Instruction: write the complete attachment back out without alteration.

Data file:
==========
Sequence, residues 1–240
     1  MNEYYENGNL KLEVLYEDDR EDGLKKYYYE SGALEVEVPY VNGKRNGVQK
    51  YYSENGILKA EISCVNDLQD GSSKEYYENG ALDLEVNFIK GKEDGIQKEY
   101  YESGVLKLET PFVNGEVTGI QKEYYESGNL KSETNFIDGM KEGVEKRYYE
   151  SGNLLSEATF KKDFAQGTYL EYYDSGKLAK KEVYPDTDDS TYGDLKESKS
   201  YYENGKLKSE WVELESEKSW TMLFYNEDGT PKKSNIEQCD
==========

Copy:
Sequence, residues 1–240
     1  MNEYYENGNL KLEVLYEDDR EDGLKKYYYE SGALEVEVPY VNGKRNGVQK
    51  YYSENGILKA EISCVNDLQD GSSKEYYENG ALDLEVNFIK GKEDGIQKEY
   101  YESGVLKLET PFVNGEVTGI QKEYYESGNL KSETNFIDGM KEGVEKRYYE
   151  SGNLLSEATF KKDFAQGTYL EYYDSGKLAK KEVYPDTDDS TYGDLKESKS
   201  YYENGKLKSE WVELESEKSW TMLFYNEDGT PKKSNIEQCD